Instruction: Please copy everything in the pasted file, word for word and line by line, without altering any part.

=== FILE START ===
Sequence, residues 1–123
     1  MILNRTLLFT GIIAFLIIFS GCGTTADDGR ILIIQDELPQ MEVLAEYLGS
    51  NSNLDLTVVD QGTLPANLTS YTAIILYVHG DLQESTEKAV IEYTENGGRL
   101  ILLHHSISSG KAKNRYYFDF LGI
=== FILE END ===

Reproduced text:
Sequence, residues 1–123
     1  MILNRTLLFT GIIAFLIIFS GCGTTADDGR ILIIQDELPQ MEVLAEYLGS
    51  NSNLDLTVVD QGTLPANLTS YTAIILYVHG DLQESTEKAV IEYTENGGRL
   101  ILLHHSISSG KAKNRYYFDF LGI